House Extends Dies Committee; Chairman Sees It As Weapon Against Race Hatred
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House Extends Dies Committee; Chairman Sees It As Weapon Against Race Hatred

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With Chairman Martin Dies defending his committee against criticism that it had paid insufficient attention to Nazi-Fascist activities and asserting it had done more than any other agency to combat race hatred, the House voted today, 353 to 6, to continue for another 15 months the special Committee to Investigate Un-American Activities and swiftly voted a $150,000 appropriation to this end.

Speaker Rayburn announced that Harry To. Beam (Dem., III.) had been named to the committee to replace former Rep. John Dempsey of New Mexico. Otherwise the committee membership will remain unchanged.

The only Representatives to vote against the resolution for continuation of the committee were Samuel Dickstein (Dem.,N.Y.), Vito Marcantonio (ALP, N.Y.), Frank E. Hook (Dem., Mich.), Thomas E. Scanlon (Dem., Pa.) Rudolph G. Tenerowicz (Dem., Mich.) and A.J. Elliott (Dem., Calif.).

Dies’ statement in defense of the committee was made in reply to Dickstein, who launched a bitter attack on the committee, charging it with failure to investigate Nazi and Fascist activities and with wasting thousands of dollars of the public’s money. A charge by Dickstein that “Fascist organizations have the key to the back door of Dies committee” was expunged from the record by voice vote after an objection by John Rankin (Dem., Miss.).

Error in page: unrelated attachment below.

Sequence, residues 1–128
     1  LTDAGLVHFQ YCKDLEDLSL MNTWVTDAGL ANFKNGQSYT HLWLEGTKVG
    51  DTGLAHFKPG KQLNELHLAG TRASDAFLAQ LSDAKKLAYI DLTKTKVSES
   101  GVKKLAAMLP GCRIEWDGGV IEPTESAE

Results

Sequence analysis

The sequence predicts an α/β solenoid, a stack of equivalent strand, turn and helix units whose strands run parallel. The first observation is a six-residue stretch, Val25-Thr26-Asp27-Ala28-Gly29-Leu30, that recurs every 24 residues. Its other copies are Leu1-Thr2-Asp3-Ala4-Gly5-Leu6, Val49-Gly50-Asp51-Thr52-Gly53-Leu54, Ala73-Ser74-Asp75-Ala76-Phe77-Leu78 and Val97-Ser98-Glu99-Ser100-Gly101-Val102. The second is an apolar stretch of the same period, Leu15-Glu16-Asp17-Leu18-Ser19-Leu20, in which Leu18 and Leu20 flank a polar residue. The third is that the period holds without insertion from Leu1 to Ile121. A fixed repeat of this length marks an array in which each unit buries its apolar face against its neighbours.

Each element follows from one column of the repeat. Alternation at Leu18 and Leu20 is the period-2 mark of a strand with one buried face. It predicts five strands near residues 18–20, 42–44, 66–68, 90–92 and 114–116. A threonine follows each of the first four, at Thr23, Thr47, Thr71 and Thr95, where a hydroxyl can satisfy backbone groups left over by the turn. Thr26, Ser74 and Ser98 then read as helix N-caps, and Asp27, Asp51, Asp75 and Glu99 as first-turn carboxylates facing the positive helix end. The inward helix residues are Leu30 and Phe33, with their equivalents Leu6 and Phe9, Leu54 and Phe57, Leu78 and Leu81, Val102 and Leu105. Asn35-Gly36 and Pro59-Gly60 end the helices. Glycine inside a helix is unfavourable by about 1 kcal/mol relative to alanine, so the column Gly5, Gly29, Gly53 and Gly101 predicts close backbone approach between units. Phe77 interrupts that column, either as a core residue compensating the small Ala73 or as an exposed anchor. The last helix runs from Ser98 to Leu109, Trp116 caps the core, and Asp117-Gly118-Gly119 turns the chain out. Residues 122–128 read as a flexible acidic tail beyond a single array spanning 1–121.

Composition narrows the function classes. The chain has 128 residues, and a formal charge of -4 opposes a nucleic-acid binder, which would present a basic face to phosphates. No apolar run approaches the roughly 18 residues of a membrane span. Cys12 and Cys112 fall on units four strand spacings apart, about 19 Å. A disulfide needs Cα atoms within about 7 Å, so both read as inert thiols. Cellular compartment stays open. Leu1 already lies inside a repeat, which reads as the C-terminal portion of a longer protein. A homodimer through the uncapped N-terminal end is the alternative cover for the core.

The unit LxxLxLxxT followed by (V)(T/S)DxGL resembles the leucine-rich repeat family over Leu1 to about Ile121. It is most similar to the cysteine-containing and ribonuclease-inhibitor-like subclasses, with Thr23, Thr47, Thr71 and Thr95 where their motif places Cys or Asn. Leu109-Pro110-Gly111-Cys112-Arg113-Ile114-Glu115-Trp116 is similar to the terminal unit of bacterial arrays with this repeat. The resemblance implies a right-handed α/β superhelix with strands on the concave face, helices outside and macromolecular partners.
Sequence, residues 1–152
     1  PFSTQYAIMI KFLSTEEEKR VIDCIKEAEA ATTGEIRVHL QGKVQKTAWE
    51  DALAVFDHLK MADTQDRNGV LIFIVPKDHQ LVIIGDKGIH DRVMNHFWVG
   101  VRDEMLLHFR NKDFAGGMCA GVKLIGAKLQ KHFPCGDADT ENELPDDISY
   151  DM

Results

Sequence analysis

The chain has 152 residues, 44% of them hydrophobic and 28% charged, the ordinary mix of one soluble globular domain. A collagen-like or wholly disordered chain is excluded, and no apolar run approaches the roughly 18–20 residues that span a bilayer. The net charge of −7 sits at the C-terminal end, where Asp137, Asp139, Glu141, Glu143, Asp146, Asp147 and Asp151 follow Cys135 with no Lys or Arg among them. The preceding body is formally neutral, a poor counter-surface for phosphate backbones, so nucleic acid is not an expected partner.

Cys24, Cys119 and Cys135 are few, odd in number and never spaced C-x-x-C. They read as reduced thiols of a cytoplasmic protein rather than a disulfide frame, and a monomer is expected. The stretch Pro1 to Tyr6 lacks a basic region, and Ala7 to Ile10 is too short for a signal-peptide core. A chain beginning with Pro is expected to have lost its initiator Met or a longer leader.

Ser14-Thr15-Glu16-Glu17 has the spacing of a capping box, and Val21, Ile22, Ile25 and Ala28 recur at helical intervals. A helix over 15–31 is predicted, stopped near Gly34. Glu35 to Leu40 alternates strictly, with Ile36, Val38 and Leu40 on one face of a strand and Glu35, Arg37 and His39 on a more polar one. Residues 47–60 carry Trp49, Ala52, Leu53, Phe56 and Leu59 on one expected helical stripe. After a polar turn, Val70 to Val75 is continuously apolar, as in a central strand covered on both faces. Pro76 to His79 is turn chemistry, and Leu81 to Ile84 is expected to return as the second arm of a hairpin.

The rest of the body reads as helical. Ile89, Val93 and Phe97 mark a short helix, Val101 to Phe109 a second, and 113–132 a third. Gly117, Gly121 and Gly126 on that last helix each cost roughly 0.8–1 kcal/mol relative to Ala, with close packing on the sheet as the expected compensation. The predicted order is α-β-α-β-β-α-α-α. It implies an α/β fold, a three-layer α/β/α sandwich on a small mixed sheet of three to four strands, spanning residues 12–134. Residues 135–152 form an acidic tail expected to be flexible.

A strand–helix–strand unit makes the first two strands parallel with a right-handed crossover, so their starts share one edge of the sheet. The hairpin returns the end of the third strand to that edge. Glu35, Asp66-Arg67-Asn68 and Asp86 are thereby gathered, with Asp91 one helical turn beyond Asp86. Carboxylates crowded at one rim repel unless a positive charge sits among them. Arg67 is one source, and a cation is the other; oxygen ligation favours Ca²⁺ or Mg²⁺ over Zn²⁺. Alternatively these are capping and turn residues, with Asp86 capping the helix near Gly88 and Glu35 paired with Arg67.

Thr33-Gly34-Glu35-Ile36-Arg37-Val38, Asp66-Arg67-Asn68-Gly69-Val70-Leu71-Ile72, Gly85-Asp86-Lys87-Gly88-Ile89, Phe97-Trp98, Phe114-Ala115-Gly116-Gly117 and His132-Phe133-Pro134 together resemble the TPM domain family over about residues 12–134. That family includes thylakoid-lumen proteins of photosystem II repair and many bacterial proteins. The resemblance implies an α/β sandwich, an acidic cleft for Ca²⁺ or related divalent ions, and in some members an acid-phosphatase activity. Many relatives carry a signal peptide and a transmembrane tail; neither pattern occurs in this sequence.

“Our committee has done more,” the committee chairman told Dickstein, “to combat those who seek to arouse prejudice against members of your race than any other agencies, public or private.” He added that Dickstein could better serve the House and the country by examining the immigration laws with a view to making them strong barriers against entry of subversive agents and expediting deportation of Fascists and Communists.

“I have never made any distinction between Communism and Nazism as un-American activities,” Dies declared. “As far as I am concerned, any ideology which would interfere with your right or mine to worship God as we please is un-American.”

There was little debate on the resolution, and Dickstain and Marcantonic bitterly criticized the Rules Committee for failure to allow speaking time to opponents of the measure.

Chairman Adolph A. Sabath (Dem., III.) of the Rules Committee told the House he supported continuation of the probe, but expressed hope that more attention would be given to Nazi and Fascist activities than had been given in the past. He added he had been informed that the Federal Burean of Investigation had requested continuation of the House probe.

Edith N. Rogers (Rep., Mass.) demanded that the committee investigate the establishment of the Bata shoe factories in this country, charging that their establishment and use of immigrant workers had been ordered by Hitler and that most of the concern’s profits went into Nazi pockets.

J. Parnell Thomas (Rep.,N.J.), a member of the Dies committee, told the House the most important work of the committee had been using “the democratic weapon of exposure” against such “un-American and anti-Semitic” leaders as James E. Campbell, George Deatheridge, William Dudley Pelley and others and against the German-American Bund, the German Library of Information, the Kyffhauser Bund and the Transocean News Service.

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